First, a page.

Buckwalter enjoys deciphering the mysteries of stroke
Neurologist Marion Buckwalter is intent on discovering how the brain repairs itself after stroke.
Eyes still dilated and blinded by the ambient light of her office, Marion Buckwalter had just raced over from her optometrist to meet with a student. Though she couldn't look through the microscope or read the latest neurology articles, she figured she could still talk with a student about her research project.
Buckwalter, MD, PhD, is not the kind of person who lets obstacles, let alone minor inconveniences, get in the way of her goals. The energetic assistant professor of neurology and neurological sciences is intent on discovering how the brain repairs itself after stroke - the leading cause of serious, long-term disability in the United States, according to the Centers for Disease Control and Prevention. She's hoping she'll succeed in developing a drug that improves recovery from the damage caused by stroke.
While most stroke medications help to prevent brain attacks, there is only one drug on the market to treat stroke: tissue plasminogen activator, or tPA, which breaks up clots that obstruct the flow of blood to the brain. Unfortunately, this drug is effective only within the first few hours after the stroke occurs.
'By the time patients come into the hospital, most of the cells have already died. There are no drugs to help these people recover. Discovering such a drug would really help a lot of people,' said Buckwalter.
Although stroke is the third-leading cause of death in the United States, approximately 82 percent of the 795,000 people who suffer a stroke each year survive, according to the American Heart Association. Many survivors are left with impaired memory, motor and language functions. Through long-term rehabilitation, patients must train spared portions of their brain to undertake new functions, but there is a huge range in their success, and many never fully recover.
Buckwalter didn't always know she would be investigating ways to improve stroke recovery. Having earned an MD and PhD in genetics from the University of Michigan in 1996, she initially performed gene-mapping studies and wanted to become a pediatric gene therapist. 'I liked pediatrics but was more fascinated by neurology,' she said. 'Neurology is a field where diagnosis takes place after thoughtful exams, not just lab tests. It's like puzzle solving: You get clues that you have to put together to learn what's going on.'
Once she saw firsthand the devastating effects of stroke during her residency at UCSF, her interests quickly shifted to figuring out how patients can recover from brain injuries. She noticed that younger people recover better from brain injury and stroke. 'There are mechanisms in the young brain that can compensate for or repair injury, but these mechanisms don't exist or don't work in adults,' she said.
The key factor controlling recovery may be tied to the body's natural defense mechanism, the immune system, said Buckwalter, who noticed that most of her time with critical stroke patients was spent treating brain swelling, a product of the immune response.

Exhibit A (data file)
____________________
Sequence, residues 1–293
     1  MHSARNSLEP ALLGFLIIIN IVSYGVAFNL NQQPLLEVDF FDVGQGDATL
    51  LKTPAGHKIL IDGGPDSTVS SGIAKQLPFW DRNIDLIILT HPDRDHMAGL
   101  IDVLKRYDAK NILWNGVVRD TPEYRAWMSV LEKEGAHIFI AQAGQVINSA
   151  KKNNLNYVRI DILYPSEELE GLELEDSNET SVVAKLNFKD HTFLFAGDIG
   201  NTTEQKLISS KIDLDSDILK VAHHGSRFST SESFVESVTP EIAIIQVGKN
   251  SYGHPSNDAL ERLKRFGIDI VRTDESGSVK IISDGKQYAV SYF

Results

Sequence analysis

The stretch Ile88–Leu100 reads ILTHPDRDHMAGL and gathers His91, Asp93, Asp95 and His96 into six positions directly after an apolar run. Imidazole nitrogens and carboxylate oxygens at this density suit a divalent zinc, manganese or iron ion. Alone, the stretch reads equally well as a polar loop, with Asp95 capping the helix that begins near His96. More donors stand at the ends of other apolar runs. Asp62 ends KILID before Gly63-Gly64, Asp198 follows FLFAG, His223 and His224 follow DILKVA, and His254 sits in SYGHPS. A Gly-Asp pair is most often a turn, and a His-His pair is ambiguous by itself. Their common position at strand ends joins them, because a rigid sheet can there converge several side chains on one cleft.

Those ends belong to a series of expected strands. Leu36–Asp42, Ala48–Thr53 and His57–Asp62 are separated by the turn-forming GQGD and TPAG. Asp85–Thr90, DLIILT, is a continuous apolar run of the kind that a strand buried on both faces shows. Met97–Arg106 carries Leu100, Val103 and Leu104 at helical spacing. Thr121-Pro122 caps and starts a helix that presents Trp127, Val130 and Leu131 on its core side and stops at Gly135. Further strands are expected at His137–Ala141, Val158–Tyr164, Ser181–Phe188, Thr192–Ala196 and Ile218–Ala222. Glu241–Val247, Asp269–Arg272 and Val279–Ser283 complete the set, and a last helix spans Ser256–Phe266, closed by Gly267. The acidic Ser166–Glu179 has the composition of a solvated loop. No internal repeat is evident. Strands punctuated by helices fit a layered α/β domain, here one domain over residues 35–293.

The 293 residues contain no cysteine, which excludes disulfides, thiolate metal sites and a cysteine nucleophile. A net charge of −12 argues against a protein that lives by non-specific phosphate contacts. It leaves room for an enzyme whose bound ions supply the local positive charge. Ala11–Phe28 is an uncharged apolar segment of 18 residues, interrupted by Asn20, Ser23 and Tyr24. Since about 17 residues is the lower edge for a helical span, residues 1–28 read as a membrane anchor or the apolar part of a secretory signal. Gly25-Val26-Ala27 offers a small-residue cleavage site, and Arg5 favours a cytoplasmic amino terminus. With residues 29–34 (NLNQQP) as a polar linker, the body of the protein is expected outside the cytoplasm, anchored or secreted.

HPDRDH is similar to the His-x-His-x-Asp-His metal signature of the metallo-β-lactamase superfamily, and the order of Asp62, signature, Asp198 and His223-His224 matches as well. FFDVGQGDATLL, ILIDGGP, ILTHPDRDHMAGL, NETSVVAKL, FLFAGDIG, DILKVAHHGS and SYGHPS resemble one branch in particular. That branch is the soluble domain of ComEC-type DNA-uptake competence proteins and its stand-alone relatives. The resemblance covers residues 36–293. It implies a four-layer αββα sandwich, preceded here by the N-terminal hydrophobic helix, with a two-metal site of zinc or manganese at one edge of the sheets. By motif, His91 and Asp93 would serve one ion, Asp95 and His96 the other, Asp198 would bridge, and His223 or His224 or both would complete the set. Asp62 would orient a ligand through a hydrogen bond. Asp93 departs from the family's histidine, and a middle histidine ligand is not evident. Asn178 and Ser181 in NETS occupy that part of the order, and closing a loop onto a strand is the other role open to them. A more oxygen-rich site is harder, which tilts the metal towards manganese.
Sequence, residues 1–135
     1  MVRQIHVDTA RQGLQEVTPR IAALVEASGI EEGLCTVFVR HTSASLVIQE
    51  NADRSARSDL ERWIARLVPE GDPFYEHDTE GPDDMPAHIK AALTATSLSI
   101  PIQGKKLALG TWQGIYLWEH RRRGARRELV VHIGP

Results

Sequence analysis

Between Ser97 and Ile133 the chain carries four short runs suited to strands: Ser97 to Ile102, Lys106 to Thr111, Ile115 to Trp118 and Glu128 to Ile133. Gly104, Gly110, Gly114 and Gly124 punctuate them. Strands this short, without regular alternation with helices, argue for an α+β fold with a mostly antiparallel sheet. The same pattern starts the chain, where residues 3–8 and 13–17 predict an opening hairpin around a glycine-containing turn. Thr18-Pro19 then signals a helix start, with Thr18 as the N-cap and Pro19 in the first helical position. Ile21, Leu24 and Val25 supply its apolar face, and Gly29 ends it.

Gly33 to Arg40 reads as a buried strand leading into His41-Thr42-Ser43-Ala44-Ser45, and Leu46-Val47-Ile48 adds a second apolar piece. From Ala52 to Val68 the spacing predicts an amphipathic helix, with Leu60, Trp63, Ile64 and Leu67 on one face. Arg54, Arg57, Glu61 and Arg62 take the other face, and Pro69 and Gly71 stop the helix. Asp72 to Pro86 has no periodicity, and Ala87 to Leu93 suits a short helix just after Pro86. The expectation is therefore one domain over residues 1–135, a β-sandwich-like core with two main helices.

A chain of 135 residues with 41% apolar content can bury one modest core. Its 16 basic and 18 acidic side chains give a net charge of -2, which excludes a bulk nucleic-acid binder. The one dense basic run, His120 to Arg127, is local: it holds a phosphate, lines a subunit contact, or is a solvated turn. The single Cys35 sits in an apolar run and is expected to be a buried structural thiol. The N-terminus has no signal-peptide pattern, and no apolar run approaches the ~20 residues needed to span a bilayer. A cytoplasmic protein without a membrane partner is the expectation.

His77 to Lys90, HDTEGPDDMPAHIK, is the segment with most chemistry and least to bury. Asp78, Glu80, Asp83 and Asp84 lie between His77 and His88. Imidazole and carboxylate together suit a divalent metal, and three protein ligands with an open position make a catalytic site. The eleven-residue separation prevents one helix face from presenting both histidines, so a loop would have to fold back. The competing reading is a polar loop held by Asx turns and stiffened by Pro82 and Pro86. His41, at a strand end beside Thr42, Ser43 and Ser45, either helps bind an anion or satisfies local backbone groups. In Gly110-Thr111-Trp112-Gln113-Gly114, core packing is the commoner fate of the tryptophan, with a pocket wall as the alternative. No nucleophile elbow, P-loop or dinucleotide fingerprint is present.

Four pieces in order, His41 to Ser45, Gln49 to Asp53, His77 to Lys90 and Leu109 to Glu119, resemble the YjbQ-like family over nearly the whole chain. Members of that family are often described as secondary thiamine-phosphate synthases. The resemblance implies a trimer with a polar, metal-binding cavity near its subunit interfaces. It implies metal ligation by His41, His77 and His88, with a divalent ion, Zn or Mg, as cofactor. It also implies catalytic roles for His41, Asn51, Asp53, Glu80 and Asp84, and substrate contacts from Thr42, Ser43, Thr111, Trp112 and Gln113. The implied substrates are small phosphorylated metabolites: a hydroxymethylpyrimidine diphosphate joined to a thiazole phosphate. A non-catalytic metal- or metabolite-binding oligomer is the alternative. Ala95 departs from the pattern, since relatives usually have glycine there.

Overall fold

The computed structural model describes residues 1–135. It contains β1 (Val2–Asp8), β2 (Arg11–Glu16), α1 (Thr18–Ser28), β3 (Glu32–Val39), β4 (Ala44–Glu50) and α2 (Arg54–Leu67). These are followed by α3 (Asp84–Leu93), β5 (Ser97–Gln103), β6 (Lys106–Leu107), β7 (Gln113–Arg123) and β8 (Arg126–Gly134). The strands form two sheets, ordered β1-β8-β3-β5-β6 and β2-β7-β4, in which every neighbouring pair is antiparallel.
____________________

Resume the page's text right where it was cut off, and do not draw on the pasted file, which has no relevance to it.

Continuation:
Determined to study the link between immune responses and recovery from stroke, in 2002 she turned to a leading expert on inflammation and brain disease: Tony Wyss-Coray, PhD, associate professor of neurology and neurological sciences at Stanford.
As a postdoctoral scholar in Wyss-Coray's lab, Buckwalter was drawn to one key player in the immune system - the protein TGF-beta1. This protein accumulates in the aging brain, orchestrates the brain's response to injury and plays a role in neural decline in several neurodegenerative disorders, clues that suggest an important role in stroke recovery.
'The effect of TGF-beta1 on brain cells is not straightforward: It depends on the type of cell and context. For instance, TGF-beta1 decreases neurogenesis - the birth of new neurons - but it increases the survival of adult neurons,' said Buckwalter, who believes it may be possible to develop therapies that reduce the negative effects of TGF-beta1 on neurogenesis while preserving the positive effects on neuronal survival.
To tease apart the protein's complex role, Buckwalter will examine how its activity in different types of cells relates to brain inflammation during recovery from stroke. She's also developing new ways to track the birth of new brain cells and to test whether they are important for recovery.
In addition to the TGF-beta1 work, Buckwalter is collaborating with Frank Longo, MD, PhD, professor and chair of neurology and neurological sciences, to test other molecules with the potential to promote recovery after stroke. In particular, she is focusing on growth factors, chemicals that are thought to play a role in neurogenesis, learning and memory, and the formation of connections between neurons.
And Buckwalter plans to study patients' blood samples for hints about which immune responses predict better outcomes.
Research doesn't always go smoothly, but Buckwalter keeps her cool. 'She is a natural leader. She has the ability to rally people - that's one of her greatest strengths,' said Wyss-Coray.
For now, Buckwalter continues to work toward finding a therapy for stroke patients. 'A drug is further down the road. We're just at the beginning of figuring things out,' she said.
Janelle Weaver is a former science-writing intern in the medical school's Office of Communication & Public Affairs.
Stanford Medicine integrates research, medical education and health care at its three institutions - Stanford University School of Medicine, Stanford Health Care (formerly Stanford Hospital & Clinics), and Lucile Packard Children's Hospital Stanford. For more information, please visit the Office of Communication & Public Affairs site at http://mednews.stanford.edu.